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android 2.1

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[What year is it?!] Google is ending support for the Android Market on Android 2.1 and earlier

It has been more than five years since we said goodbye to the Android Market and hello to Google Play. You may have long since adjusted to the change, but there's been a version of the Android Market out there all this time. Google's putting an end to that soon, though. On June 30th 2017, the Android Market client on Android 2.1 and earlier will stop working.

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The Big Android Chart™: A Definitive History of Android Version Adoption

Pop quiz: How long does it take for a new version of Android to be widely adopted? A new version of Android comes out, AOSP updates, OEMs adapt it to a myriad of devices, and carriers test the updates. That process. How long does it take?

It's a tough question to answer, mostly because Google doesn't provide data like that. The official site shows a 6 month version history, and that's it. Anyone looking for a decent amount of data is out of luck. There’s no way to view the long journey older Android versions have taken, and no way to see the bigger picture of how the update process eventually works out.

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[New Game] Beyond Ynth HD Is One Of The Most Well-Done Puzzlers We've Seen On Android

Beyond Ynth may not be the most catchy title in the world, but the game has already proved to be a big hit on the iOS App Store for both iPhone and iPad.

If you're familiar with the game, you'll no doubt be pleased to know that it has made the big jump across to the Android world, and is now available to buy from the Market for $3.99.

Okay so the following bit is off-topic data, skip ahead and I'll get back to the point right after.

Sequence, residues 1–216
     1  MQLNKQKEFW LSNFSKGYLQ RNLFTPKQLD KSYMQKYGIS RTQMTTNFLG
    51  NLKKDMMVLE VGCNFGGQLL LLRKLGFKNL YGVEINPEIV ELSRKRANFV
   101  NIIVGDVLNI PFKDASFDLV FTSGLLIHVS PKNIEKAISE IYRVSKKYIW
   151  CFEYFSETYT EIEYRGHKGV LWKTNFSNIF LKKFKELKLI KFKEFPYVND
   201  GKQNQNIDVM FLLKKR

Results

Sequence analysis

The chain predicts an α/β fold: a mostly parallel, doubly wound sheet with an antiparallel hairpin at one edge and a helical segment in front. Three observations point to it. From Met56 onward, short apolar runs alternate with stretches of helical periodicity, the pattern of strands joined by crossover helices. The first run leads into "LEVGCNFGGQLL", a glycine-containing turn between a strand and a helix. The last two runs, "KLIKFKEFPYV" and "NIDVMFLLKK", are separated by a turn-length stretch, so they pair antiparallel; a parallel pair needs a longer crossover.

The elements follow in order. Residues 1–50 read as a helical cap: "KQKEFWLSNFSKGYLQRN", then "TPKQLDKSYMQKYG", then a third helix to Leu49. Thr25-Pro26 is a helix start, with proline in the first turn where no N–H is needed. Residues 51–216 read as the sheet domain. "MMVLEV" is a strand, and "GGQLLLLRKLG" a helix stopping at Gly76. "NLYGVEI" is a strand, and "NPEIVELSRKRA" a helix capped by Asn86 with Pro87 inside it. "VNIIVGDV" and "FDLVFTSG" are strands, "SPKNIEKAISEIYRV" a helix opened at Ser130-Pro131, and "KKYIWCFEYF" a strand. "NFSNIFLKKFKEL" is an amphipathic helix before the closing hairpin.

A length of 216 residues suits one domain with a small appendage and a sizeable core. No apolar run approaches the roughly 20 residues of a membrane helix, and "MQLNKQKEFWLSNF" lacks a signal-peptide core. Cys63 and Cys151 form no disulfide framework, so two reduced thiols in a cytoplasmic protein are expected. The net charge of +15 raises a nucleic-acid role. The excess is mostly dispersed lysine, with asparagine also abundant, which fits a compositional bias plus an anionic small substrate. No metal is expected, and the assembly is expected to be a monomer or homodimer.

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The game itself is quite simple: you must complete various puzzles on multiple levels, recovering stolen diamonds along the way. These puzzles not only look great, but the physics involved in them is very realistic as well, making for an immersive gaming experience that few mobile games can offer.

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AT&T Sony Ericsson X10 Android 2.1 Update Is Available Now... Welcome To Two Years Ago

In this line of work, I get the chance to write about things that are new and exciting. Other times, however, that's just not the case. There are times when writing about certain subjects just makes me sad... and this is one of those times. Sure, it may be good news in a sense, but the fact that I am sitting here, on May 31, 2011, reporting an update to Android 2.1... well, that's just disappointing. Regardless of that, though, here are the deetz on the Sony Ericsson Xperia X10 Android 2.1 update.

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First off, unlike most modern-day updates, this one does not come over the air - you'll have to use Sony Ericsson's PC Companion software for Windows (you can get it here).

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CNN Remembers Not All Of Us Have Tablets, Releases App For Android Phones

Almost 2 months ago, CNN pushed out its first news app to the Android Market, though with one quite annoying caveat - it was created specifically for Honeycomb devices, which were quite scarce to say the least (i.e. the XOOM).

As you can imagine, those without Honeycomb tablets pretty much everyone started demanding an app as well and today finally got their wish granted. CNN App for Android Phones (as opposed to CNN App for Android) was just released to the Market, with support for Android 2.1+ and full of features you would expect from a smaller screen port of its big brother:

  • U.S.
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LG Axis Now Available On Alltel - 7 Months Too Late, $90 Too Much (We're Making Progress!)